Katie graduated with honors from California State University, Long Beach. Katie continued her education at National University, La Jolla, and earned her Master of Education with a Specialization in Autism. She later studied under Jose Martinez-Diaz, Ph.D., BCBA-D, associate dean, professor, and head of the School of Behavior Analysis at the Florida Institute of Technology.
She has dedicated her professional career to building strategies that bring families into the therapeutic environment for children with autism. Education and Training are her passions and she believes these are the cornerstones of successful ABA programs. She guided by her love for ABA and has spent years building both her ABA agency, ABA Services for Autism, and Autism Therapy Career College into wholehearted organizations, characterized by complete sincerity and commitment to their customers.
This awesome e-Learning program is designed for busy caregivers as it allows you to focus on one lesson per month. Each lesson introduces you to one evidence-based practice, including creative activities, video demonstrations, guided practices and tips to help you put your new skills to use right away!
Video Demonstrations Free Materials/Resources Caregiver Community
AS A PARENT OF CHILD WITH AUTISM, WHAT DO YOU NEED? For your child to reach his full potential — to achieve remarkable independence… to make friends, participate in the community and find joy. The solution is Activities-in-Action.com!
WHAT IS MISSING? NEEDED RESOURCES. Even in the U.S. where access to funding for ABA services is nearly ubiquitous and over 90.84% of the world’s 44,000 BCBAs reside, hundreds of thousands of parents are on waitlists to receive services.
Don’t miss out on this amazing opportunity to learn evidence-based strategies for this unbeatable low price. Your first monthly lesson is FREE, while additional lessons are only $24 a month (no long-term commitment required).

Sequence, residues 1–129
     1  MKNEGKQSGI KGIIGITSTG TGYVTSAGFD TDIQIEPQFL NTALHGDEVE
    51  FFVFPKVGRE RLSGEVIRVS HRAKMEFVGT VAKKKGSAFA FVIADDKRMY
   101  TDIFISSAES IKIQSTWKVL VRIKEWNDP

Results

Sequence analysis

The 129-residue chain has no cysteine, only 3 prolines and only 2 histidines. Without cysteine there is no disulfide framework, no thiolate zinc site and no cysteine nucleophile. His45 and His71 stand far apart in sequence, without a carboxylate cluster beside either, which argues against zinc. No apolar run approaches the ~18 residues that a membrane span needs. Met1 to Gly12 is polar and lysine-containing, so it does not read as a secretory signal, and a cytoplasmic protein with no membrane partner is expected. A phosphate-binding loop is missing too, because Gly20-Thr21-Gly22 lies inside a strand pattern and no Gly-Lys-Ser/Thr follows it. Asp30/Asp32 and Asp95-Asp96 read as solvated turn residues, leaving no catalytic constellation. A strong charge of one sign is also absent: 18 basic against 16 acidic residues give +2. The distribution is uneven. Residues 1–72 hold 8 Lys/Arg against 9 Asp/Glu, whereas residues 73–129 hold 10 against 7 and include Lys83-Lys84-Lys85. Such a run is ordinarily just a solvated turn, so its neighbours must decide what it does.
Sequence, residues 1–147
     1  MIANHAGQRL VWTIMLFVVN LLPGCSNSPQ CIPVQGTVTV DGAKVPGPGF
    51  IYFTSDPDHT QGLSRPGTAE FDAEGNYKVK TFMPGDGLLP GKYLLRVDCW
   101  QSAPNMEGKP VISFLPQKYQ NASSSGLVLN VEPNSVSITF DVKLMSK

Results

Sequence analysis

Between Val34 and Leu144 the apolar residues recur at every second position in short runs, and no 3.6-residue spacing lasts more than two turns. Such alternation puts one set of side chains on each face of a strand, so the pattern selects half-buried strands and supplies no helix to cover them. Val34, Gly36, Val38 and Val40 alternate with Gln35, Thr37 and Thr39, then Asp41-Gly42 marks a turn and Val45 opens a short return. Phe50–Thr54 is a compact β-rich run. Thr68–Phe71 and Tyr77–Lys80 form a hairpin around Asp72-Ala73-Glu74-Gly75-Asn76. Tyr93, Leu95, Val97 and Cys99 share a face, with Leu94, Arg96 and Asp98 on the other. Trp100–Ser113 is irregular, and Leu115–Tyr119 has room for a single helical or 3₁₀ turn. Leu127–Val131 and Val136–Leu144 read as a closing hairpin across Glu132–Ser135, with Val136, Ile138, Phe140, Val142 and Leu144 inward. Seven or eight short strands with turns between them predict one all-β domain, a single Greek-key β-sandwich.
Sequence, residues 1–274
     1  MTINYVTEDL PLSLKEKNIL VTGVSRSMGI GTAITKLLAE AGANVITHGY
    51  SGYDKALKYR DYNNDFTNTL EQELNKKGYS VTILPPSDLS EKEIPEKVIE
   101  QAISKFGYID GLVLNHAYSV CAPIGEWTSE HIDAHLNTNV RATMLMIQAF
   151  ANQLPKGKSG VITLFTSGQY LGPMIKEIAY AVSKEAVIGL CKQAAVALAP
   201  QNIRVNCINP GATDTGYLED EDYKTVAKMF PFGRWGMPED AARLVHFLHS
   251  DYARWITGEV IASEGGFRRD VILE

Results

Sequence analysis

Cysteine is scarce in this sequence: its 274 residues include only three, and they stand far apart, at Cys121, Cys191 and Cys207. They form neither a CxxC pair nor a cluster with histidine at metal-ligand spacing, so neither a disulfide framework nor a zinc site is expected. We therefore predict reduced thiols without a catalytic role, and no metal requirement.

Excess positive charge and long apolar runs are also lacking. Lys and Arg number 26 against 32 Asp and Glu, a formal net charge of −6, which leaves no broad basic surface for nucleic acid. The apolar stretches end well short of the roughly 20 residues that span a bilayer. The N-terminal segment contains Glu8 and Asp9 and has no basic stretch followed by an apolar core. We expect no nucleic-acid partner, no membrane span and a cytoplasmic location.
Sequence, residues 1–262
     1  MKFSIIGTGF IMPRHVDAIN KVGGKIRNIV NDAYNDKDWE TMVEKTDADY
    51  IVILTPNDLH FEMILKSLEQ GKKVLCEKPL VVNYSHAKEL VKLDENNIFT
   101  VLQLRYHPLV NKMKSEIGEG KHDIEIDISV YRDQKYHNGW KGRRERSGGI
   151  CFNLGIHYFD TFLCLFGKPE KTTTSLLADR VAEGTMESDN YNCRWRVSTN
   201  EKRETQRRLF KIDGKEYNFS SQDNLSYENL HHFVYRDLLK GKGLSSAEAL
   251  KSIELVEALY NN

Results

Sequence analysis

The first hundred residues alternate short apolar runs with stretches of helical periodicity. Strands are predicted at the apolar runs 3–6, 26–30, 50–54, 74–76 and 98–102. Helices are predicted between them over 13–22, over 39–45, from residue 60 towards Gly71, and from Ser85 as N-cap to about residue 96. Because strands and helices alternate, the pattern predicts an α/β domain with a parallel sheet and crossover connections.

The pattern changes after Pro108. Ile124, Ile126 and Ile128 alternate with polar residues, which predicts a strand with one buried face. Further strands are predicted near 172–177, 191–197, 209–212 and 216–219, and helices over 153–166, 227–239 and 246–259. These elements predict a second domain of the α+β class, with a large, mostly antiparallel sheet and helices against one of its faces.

Katie Cook M.Ed. BCBA and Lori Ayin, M.Ed. RBT have put together a wholehearted program for caregivers of children with autism and related disorders, ages 1-11 years old, the most vital years of development. The Activities-in-Action program is equipped not only with a simple and easy to understand descriptions, but also video demonstrations and guided practices taught by certified professionals.
Included with your FREE first month’s lesson is unlimited access to the Thriving with Parenting exclusive caregiver community where you can connect with other like-minded caregivers invested in their children’s learning and growth, as well as ask questions directly to certified professionals ready to ensure your success in this journey!
Helping children with autism strengthen their connections―simple, supportive strategies
To help you in your efforts to help your child flourish, this book has 90 playful, evidence-based activities. Thriving with Autism provides an easy, effective toolbox to supplement and support the developmental work parents and caregivers are doing with their children. These solutions are designed for kids with autism from ages 1 to 11. The benefits can last a lifetime.
From building better conversation abilities to strengthening social skills, Thriving with Autism delivers practical, everyday ways to connect, encourage, and play. Featuring exercises like Acts of Friendliness, The Human Burrito, and Emotional Charades, this comprehensive guide encourages your child with autism to boost their communication, engagement, and self-regulation skills.
Thriving with Autism features:
Hands-on activities―Make learning fun with lots of lessons that can help kids across the autism spectrum.
Simple strategies―Tackle these easy, research-driven activities one by one at home.
Engaging and practical―Find helpful tips and suggestions, as well as full-color illustrations that are sure to inspire and delight you and your child.
“Thriving with Autism not only combines an evidence-based approach with practical strategies for parents and teachers to engage and connect with their children, but even more importantly, it’s fun! When learning is fun, relationships are strengthened, precious memories are created, and essential skills are learned faster. Whether you are looking to teach communication skills, social skills, or various other important life skills, the activities in this book are for you. This book details simple ways to engage in each activity and why it works. As someone who has been in the field for more than 20 years, this is one book that I feel confident recommending to parents, educators and therapists alike.” ―Denise Eckman, PsyD, BCBA-D, President & Executive Director of Creative Behavior Interventions